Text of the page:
silva

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See also: Silva and silvă

English[edit]

Etymology[edit]

Borrowed from Latin silva. Doublet of selva.

Noun[edit]

silva (uncountable)

  1. (forestry) The forest trees of a particular area
    • 1909, Willis Linn Jepson, The Trees of California, page 13:
      The most interesting and striking features of the silva of California relate to its composition, the geographical distribution of the species and their biological history.

Alternative forms[edit]

Related terms[edit]

Anagrams[edit]


Galician[edit]

Silvas

Etymology[edit]

From Old Galician/Old Portuguese silva, from Latin silva (forest).

Pronunciation[edit]

Noun[edit]

silva f (plural silvas)

  1. bramble, blackberry bush
    • 1460, José Antonio Souto Cabo (ed.), Crónica de Santa María de Íria. Santiago: Ediciós do Castro, page 101:
      vijã grande[s] lumes de candeas arder de noyte et de dia en huũ monte muy espeso de muytas aruores et siluas, a oyto mjlias de Yria
      they saw large candle fires, burning day and night, in a very close forest, of trees and bambles, eight milles from Iria
    • 1884, Marcial Valladares Núñez, Diccionario gallego-castellano, s.v. silva:
      Tente, silva; non me prendas, que n'estou n'a miña tèrra (traditional song)
      Hold yourself, bramble, don't catch me, 'cos I'm not in my country
  2. (archaic) forest

Related terms[edit]

References[edit]

  • silua” in Dicionario de Dicionarios do galego medieval, SLI - ILGA 2006–2022.
  • silua” in Xavier Varela Barreiro & Xavier Gómez Guinovart: Corpus Xelmírez - Corpus lingüístico da Galicia medieval. SLI / Grupo TALG / ILG, 2006–2018.
  • silva” in Dicionario de Dicionarios da lingua galega, SLI - ILGA 2006–2013.
  • silva” in Tesouro informatizado da lingua galega. Santiago: ILG.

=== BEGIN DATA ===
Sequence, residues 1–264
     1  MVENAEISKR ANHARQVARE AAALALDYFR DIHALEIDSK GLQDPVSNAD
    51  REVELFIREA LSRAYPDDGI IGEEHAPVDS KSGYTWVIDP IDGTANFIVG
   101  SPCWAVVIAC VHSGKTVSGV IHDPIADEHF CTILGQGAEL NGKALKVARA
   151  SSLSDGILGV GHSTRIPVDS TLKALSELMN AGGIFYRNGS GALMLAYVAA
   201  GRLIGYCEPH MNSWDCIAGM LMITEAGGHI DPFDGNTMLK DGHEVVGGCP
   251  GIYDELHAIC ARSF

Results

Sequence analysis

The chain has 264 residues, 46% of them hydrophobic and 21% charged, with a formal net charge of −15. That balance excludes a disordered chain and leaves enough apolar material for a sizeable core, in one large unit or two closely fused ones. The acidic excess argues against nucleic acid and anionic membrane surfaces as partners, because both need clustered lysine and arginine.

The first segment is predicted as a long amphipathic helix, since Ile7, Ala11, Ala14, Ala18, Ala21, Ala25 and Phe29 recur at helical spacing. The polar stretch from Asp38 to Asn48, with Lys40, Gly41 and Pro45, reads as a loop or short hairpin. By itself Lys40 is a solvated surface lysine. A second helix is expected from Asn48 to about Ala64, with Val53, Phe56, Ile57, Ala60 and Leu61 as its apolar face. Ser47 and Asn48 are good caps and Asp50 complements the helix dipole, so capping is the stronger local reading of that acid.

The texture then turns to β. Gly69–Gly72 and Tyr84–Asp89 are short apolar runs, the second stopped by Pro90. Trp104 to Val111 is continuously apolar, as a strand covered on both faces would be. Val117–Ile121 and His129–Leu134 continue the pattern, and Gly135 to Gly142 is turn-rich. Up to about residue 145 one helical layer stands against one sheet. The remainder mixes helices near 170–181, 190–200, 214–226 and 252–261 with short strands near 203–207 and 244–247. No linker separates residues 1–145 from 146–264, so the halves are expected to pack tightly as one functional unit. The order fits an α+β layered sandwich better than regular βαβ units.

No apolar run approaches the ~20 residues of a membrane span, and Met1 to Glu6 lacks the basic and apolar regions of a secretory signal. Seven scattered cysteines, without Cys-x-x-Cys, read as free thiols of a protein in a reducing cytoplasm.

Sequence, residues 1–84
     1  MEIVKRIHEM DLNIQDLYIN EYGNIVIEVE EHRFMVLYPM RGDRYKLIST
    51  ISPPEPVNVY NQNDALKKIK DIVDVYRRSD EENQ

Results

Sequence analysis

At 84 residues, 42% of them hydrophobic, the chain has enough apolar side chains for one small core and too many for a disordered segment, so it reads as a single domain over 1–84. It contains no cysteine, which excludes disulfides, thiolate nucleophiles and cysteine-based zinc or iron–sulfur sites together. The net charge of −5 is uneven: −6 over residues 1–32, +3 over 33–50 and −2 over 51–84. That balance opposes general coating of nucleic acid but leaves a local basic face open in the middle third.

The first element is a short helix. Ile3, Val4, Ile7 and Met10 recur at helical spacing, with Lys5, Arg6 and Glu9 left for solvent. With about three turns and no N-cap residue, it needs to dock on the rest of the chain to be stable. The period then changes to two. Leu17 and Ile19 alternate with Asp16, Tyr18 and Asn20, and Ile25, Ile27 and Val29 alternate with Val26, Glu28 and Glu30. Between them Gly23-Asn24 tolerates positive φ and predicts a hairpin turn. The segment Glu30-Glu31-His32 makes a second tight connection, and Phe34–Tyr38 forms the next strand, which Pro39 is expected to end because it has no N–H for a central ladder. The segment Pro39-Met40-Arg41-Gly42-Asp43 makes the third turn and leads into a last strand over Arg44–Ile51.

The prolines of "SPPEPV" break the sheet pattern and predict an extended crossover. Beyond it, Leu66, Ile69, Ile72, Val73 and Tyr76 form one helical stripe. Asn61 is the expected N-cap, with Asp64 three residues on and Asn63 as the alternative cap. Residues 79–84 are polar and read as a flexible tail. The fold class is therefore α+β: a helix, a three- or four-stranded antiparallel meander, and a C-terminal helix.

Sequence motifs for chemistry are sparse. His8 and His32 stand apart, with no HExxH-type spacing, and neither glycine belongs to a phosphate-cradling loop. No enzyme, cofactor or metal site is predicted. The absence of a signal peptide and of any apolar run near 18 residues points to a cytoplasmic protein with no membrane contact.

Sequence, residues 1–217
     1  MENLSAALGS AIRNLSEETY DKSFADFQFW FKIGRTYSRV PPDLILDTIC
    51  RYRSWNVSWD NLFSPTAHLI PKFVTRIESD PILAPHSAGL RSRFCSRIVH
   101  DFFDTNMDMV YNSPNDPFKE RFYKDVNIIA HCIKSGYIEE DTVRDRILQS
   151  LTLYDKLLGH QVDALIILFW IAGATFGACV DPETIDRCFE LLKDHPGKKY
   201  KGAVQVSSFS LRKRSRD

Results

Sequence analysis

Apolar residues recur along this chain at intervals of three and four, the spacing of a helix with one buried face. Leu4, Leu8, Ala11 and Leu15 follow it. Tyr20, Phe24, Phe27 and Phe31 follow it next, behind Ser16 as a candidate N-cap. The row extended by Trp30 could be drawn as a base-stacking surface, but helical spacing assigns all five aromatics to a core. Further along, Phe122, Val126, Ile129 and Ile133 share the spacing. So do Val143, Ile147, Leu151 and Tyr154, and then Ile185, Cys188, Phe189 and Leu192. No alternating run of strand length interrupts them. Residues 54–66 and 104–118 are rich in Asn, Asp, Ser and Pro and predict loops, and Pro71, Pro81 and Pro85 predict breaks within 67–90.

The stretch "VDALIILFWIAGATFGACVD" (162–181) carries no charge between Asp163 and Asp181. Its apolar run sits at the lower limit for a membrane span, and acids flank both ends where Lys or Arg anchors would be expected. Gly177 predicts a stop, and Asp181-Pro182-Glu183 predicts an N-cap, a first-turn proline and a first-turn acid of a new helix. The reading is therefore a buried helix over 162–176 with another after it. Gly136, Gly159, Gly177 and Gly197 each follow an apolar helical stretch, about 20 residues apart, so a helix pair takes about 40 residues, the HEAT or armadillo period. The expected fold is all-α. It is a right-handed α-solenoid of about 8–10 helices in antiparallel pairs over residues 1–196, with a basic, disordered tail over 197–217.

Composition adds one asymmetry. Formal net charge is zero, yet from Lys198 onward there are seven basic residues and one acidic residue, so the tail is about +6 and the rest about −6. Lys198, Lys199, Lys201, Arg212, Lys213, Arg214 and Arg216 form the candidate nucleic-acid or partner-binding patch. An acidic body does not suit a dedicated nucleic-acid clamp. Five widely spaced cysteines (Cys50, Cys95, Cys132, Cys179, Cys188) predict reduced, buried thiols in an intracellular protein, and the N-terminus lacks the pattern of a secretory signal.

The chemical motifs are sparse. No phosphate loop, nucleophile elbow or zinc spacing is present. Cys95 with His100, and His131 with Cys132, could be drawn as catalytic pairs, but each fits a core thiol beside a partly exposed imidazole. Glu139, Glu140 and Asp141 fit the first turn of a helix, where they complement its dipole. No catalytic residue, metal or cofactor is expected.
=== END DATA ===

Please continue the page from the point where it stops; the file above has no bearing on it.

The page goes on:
• silva” in Álvarez, Rosario (coord.): Tesouro do léxico patrimonial galego e portugués, Santiago de Compostela: Instituto da Lingua Galega.

Latin[edit]

Alternative forms[edit]

Etymology[edit]

From Proto-Indo-European *sel-, *swel- (firewood, wood, beam, board, frame, threshold). Cognate with Ancient Greek ὕλη (húlē, wood, timber) and Old English syl (sill, threshold, foundation).

Pronunciation[edit]

Noun[edit]

silva f (genitive silvae); first declension

  1. wood, forest
  2. orchard, grove

Declension[edit]

First-declension noun.

Case Singular Plural
Nominative silva silvae
Genitive silvae silvārum
Dative silvae silvīs
Accusative silvam silvās
Ablative silvā silvīs
Vocative silva silvae

Derived terms[edit]

Descendants[edit]

  • Asturian: selva, silva
  • Catalan: selva
  • English: silva, sylva
  • French: sylve
  • Padanian:
  • Galician: silva

References[edit]


Portuguese[edit]

silvas

Pronunciation[edit]

Etymology 1[edit]

From Old Portuguese silva, from Latin silva, from Proto-Indo-European *swel-, *sel- (mountain, ridge, forest). Compare the doublet selva and Galician silva.

The /i/ is puzzling. Philologist Leite de Vasconcelos felt that the word was not a Latinism and conjectured a term spīna *silvea with the same suffix as ligneus and pīneus, where the close post-tonic vowel would cause the stressed vowel to rise, as in marisma and sirgo[1].

Noun[edit]

silva f (plural silvas)

  1. bramble (any of various thorny shrubs, especially those in the family Rubus)
    Synonyms: espinheiro, sarça
  2. (in particular) blackberry (Rubus fruticosus)
    Synonyms: amoreira, amora-silvestre, amoreira-silvestre

Etymology 2[edit]

Verb[edit]

silva

  1. third-person singular (ele and ela, also used with você and others) present indicative of silvar
  2. second-person singular (tu, sometimes used with você) affirmative imperative of silvar

References[edit]

  1. ^ 1920, Leite de Vasconcellos, Revista Lusitana, volume 23, page 188

Romanian[edit]

Noun[edit]

silva f

  1. definite singular nominative of silvă